3 Low-Cost or No-Cost Customer Management Tips for Uncertain Times

There is little doubt that these are increasingly uncertain times for managers. In 2008, U.S. businesses cut nearly 2 million jobs — amounting to 11 straight months of shrinking payrolls — and some economists predict that we could lose another 3 million jobs in the next two years. In the past four months, we’ve seen continued triple-digit fluctuations in the Dow, and in November the Supply Institute announced that the Factory Index was down to the lowest point since 1982. If this wasn’t bad enough for business, it was confirmed this month that we’ve officially been in a recession for over a year.

In a recessionary environment, sales and marketing managers should prepare themselves for lengthened sales cycles and decreased pipeline velocity. Tried and true tactics that have always worked — e.g. month-end discounting, bundling and promotions — will begin to sound increasingly desperate as sales reps struggle to make the quotas that were set months ago in the budgeting process. Customers — those in a buying mood — will buy on their own terms, and it is increasingly unlikely that they will be “sold to.” Therefore, price erosion will take hold as vendors struggle to adapt the new competitive conditions.

New Processes, New Metrics

What does this all mean for bedraggled sales and marketing managers? Over the past year, survey after survey has shown that sales and marketing alignment is a critical issue impacting many organizations. Historically, marketing threw leads over the wall and sales threw them back. Moving forward, this infighting will be a luxury reserved for the chronically unemployed; new customer-centric processes and metrics will emerge to that begin to break down these departmental silos. Lead quantity will give way to quality as both sales and marketing align around a unified definition of what constitutes an actual lead. Over time, the lead process will become less linear as drip marketing and lead nurturing programs emerge out of the necessity of managing longer sales cycles and engaging more cautious buyers.

In addition to developing aligned, customer-centric lead management processes and unified lead metrics, forward-looking companies also recognize that there is an evolutionary but profound change in customer management technologies. In a survey conducted earlier this year by the Aberdeen Group, nearly three quarters of the respondents (72 percent) indicated that they were planning on increasing investments in the use of Web 2.0 capabilities to strengthen customer relationships. In a follow-on survey conducted in September of 2008, 62 percent of respondents indicated that they planned on increasing the 2009 budget for social media technologies. The “command and control” CRM systems of yesteryear are turning inside out as organizations embrace the enterprise use of Web 2.0 technologies as a key component of their customer-connected strategies.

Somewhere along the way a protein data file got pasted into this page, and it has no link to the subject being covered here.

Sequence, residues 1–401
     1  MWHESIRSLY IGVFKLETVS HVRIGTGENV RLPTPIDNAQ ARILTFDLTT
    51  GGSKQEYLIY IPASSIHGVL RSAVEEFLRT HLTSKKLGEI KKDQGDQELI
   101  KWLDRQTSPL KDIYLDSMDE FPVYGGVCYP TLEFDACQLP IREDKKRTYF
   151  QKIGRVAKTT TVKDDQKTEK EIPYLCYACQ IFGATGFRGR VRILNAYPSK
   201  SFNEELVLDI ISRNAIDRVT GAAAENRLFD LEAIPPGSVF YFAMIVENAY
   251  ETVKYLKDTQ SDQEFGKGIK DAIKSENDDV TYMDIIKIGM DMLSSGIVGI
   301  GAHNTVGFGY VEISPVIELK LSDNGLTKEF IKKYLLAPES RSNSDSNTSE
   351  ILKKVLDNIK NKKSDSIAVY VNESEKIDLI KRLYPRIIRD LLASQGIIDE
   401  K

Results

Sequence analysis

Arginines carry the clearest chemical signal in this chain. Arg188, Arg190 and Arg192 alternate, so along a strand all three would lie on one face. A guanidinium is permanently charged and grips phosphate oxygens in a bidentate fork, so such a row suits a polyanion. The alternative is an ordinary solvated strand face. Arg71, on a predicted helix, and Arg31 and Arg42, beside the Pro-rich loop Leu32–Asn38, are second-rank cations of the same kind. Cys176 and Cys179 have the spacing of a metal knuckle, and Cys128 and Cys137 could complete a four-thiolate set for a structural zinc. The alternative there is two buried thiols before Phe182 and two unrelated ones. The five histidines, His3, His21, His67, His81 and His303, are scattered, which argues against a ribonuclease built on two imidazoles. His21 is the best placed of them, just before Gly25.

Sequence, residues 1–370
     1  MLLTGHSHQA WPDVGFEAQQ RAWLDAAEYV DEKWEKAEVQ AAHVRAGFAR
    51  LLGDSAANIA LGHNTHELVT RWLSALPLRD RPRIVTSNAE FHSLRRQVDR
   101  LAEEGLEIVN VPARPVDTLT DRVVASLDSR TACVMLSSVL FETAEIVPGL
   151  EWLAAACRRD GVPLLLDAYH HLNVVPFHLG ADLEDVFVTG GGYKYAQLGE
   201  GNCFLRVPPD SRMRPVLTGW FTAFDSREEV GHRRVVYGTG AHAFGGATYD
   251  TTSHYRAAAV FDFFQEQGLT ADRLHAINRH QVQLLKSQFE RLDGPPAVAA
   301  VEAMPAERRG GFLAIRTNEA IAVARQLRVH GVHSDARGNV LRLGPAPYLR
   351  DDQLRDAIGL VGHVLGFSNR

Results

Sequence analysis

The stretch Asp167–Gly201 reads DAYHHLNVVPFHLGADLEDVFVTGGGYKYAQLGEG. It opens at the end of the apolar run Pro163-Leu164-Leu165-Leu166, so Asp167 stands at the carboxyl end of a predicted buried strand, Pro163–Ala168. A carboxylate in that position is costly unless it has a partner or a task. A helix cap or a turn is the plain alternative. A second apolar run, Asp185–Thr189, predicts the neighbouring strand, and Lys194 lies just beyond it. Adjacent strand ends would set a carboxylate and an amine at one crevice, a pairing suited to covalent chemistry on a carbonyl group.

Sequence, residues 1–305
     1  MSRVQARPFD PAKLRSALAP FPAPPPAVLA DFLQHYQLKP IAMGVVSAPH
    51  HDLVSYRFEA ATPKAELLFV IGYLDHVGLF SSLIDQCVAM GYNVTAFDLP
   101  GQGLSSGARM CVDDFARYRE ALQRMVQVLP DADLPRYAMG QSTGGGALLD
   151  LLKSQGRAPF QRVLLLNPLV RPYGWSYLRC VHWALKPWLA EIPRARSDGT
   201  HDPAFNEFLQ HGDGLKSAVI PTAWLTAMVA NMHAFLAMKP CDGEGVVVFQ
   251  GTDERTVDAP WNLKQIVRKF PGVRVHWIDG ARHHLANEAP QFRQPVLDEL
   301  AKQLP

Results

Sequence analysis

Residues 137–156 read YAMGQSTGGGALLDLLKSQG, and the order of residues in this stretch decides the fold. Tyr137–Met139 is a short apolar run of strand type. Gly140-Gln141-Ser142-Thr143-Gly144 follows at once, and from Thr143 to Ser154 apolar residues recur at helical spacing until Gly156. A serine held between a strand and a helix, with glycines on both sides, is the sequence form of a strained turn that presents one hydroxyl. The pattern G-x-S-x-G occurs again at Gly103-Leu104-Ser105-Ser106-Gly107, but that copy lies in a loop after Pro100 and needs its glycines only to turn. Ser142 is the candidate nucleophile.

Act Now

With reduced headcount and frozen budgets, organizations may be tempted to put technology and capabilities investments on hold. However, now is the time to act; below are some low- or no-cost actions organizations can immediately take to retain a competitive edge though tough times:

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  1. Get marketing and sales aligned through the establishment of unified goals, common metrics and aligned compensation plans. All too often, objectives and metrics are departmentally aligned. If marketing is incentivized to do one thing (such as increase quantity of leads) and sales something entirely different (focus on highest value leads), the organization is ultimately going to get what it pays for — i.e., disharmony and angst. In this tough environment, sales and marketing leadership needs to agree on a common set of organizational objectives (e.g. revenue, profit, market share, cross-selling, etc.). More specifically, sales and marketing leaders need to create and agree upon a cross-departmental definition of what constitutes a “lead.”
  2. Profile both successes and failures. In a November survey conducted by the Aberdeen Group, respondents recognized a top (51 percent) strategic action as the ability to identify high-value prospects by analyzing and segmenting the characteristics of desirable customers. If the organization is not already doing so, it should immediately create processes to identify and focus resources on the most promising leads based on the newly aligned goals and objectives.
  3. Go collaborative. Next, the organization should establish an iterative feedback loop between departments to continually refine the lead definition and prospect profiles. This includes putting mechanisms into place for team members to provide feedback and rate the quality leads and campaigns based on the organizational objectives and the lead definition outlined above. In the same November study referenced earlier, more than a quarter (26 percent) of the respondents had already implemented internal social media capabilities (such as a wiki) to facilitate this type of knowledge sharing. Whatever the mechanism, employees should be encouraged and incentivized to share best practices, tips and success stories. Creating an alignment and a knowledge-sharing culture will teach the organization to repeat successes and avoid mistakes of the past.

Aberdeen is currently conducting its annual State of the Market survey of key business challenges, competitive threats and technology trends for 2009. Click here to participate.

Andrew Boyd is the chief research officer for the Aberdeen Group. Currently, his personal research agenda focuses on customer-centric business models, the optimization of market-to-order processes and understanding the after-sales customer experience. He can be reached at [email protected].

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